German version see here.
On the topic
For some time now, there has been talk of a “biographical turn” in the historically working humanities. In Jewish Studies, too, the relevance of biographical research practice is continuously increasing. Based on this finding, the interdisciplinary lecture series held in German (Jüdische) Leben erzählen: Biographische Werkstattberichte [Telling (Jewish) Lives: Biographers’ Reports] offers insights into the historiographical and literary aspects of working on Jewish life stories.
Jewish lives often embody subject positions whose biographical accessing and analysis pose considerable challenges to researchers. These are rooted in phenomena such as exile, diaspora, transculturality, multilingualism, and intersectionality, which seem to be inherent in Jewish history and which result in potentially discontinuous or fragmented worlds of experience. The consequence is an often markedly complex constellation of sources, which on the one hand complicate biographical investigations, but on the other hand can prove particularly revealing for the methodology of biography. In the context of retrospective reflection on the processes of their life history studies, the speakers describe such challenges and possible ways of dealing with them, using concrete examples. In doing so, they touch upon a number of general methodological questions and practical research problems of biographical writing, such as: the choice of protagonists of biographical narratives; the presence of biographers in their representations of other lives and their possible identification with their own “objects”; the handling of gaps in knowledge or the abundance of knowledge; literary aspects of biographical work as well as its ethical dimensions; the representability of the connections between the life to be biographed and the specific form of creativity that was practiced in this life. Along these and other case-specific aspects of life writing, the lecture series will discuss the conditions of the possibility of transforming traces of past lives as conveyed by various media into written narratives in order to gain methodological yields for biographical research practice within and outside Jewish Studies.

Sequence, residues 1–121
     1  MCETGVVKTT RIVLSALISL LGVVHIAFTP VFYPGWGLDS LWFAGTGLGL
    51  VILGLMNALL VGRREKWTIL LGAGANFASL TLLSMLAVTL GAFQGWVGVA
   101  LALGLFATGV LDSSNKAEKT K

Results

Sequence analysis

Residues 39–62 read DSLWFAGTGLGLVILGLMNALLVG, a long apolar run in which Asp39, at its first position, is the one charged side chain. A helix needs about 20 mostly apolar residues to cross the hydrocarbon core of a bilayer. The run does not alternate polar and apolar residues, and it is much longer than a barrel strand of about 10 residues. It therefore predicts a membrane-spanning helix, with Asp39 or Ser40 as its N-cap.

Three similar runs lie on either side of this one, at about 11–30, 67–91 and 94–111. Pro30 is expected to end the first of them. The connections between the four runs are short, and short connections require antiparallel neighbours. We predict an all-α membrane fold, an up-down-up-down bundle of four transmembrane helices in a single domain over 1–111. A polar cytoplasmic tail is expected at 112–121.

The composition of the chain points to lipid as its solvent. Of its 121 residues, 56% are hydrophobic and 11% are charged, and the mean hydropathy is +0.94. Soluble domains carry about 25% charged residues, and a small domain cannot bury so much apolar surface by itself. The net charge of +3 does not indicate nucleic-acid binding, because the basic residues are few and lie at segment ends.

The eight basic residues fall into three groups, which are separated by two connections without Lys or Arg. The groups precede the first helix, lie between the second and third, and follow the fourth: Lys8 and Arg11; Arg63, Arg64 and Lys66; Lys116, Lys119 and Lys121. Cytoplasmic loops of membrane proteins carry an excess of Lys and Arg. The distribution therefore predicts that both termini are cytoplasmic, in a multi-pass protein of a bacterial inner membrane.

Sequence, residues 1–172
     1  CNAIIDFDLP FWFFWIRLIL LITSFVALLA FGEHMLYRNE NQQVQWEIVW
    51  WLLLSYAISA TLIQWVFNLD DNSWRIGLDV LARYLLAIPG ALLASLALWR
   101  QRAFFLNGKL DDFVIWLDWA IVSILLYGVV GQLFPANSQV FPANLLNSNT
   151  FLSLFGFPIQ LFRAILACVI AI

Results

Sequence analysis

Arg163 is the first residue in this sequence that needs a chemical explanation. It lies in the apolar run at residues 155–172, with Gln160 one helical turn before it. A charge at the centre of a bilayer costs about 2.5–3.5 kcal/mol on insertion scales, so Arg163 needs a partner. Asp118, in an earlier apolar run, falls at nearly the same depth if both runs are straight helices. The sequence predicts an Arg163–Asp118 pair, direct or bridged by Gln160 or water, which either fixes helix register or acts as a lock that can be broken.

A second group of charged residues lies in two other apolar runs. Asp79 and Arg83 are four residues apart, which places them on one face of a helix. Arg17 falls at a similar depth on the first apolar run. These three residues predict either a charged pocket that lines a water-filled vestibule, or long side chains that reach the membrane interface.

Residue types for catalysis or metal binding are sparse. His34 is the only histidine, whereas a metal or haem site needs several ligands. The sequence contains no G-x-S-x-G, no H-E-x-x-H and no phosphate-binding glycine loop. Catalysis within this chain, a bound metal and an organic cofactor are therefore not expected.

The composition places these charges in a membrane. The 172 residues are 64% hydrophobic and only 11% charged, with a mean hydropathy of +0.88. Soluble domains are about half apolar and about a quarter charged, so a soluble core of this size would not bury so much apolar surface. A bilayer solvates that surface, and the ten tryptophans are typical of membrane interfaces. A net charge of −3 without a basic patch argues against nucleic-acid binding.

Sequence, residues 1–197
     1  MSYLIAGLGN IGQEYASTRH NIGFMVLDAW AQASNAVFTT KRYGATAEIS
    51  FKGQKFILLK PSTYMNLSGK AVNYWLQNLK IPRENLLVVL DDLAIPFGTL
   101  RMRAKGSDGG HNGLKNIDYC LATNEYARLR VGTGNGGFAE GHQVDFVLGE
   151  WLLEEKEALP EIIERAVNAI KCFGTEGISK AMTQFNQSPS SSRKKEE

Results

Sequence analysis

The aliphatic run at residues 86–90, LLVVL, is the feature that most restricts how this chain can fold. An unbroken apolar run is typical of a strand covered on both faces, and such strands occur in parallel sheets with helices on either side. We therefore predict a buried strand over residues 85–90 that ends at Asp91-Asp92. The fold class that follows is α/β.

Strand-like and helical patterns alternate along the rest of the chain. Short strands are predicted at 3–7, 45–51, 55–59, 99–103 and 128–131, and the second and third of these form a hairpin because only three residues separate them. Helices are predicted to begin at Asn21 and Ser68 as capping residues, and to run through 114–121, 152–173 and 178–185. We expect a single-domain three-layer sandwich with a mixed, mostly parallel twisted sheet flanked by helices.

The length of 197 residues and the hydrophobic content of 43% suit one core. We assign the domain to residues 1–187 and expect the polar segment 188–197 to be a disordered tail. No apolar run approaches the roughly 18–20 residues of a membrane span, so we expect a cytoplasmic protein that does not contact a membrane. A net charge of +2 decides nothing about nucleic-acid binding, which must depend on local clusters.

10/26/2021 Grażyna Jurewicz (Potsdam/Berlin): Prologue
11/2/2021 Beatrix Borchard (Hamburg/Berlin): Storytelling or Marking Gaps? Reflecting on the Handling of Biographical Source Material
11/9/2021 Ernst Piper (Potsdam): Between Intersectionality and Internationalism. Approaching Rosa Luxemburg
11/16/2021 Reiner Stach (Berlin): Kafka’s Life. A Research
11/30/2021 Verena Dohrn (Hannover): Family Biography as Literary Procedure. The Saga of the Oil Entrepreneurs Kahan from Baku
12/07/2021 Dominique Bourel (Paris/Kassel): Moses Mendelssohn and Martin Buber: Biography without Autobiography?
12/14/2021 Stefanie Mahrer (Bern/Basel): Salman Schocken. Topographies of a Life
01/11/2022 Katharina Prager (Vienna): “I can only understand it Hasidically...” – Jewishness in the Lives of Berthold and Salka Viertel
01/18/2022 Claudia Willms (Frankfurt am Main): Historiography from below? Franz Oppenheimer and Biographical Research from a Cultural Anthropology Perspective
01/25/2022 Efrat Gal-Ed (Düsseldorf/Augsburg): Nobody’s language. Itzik Manger – a European Poet. On the Biographical Textual Process
02/01/2022 Jacques Picard (Basel/Zurich): The Clock That Is Still Ticking. On Subjects and Objects in Biographical Research
02/08/2022 Christina Pareigis (Hamburg): Shamanistic Voyages. Review of the Making of an Intellectual Biography of Susan Taubes
02/15/2022 Philipp Lenhard (Munich): The Pitfalls of the Archive: On the Biography of Friedrich Pollock
02/22/2022 Stephan Braese (Aachen): To Biographize Hildesheimer: Workshop – Expedition – Laboratory
03/01/2022 Alfred Gall (Mainz): “I don’t belong anywhere, because I am from somewhere else”: Constellations of Biography and Science Fiction in Stanisław Lem’s Work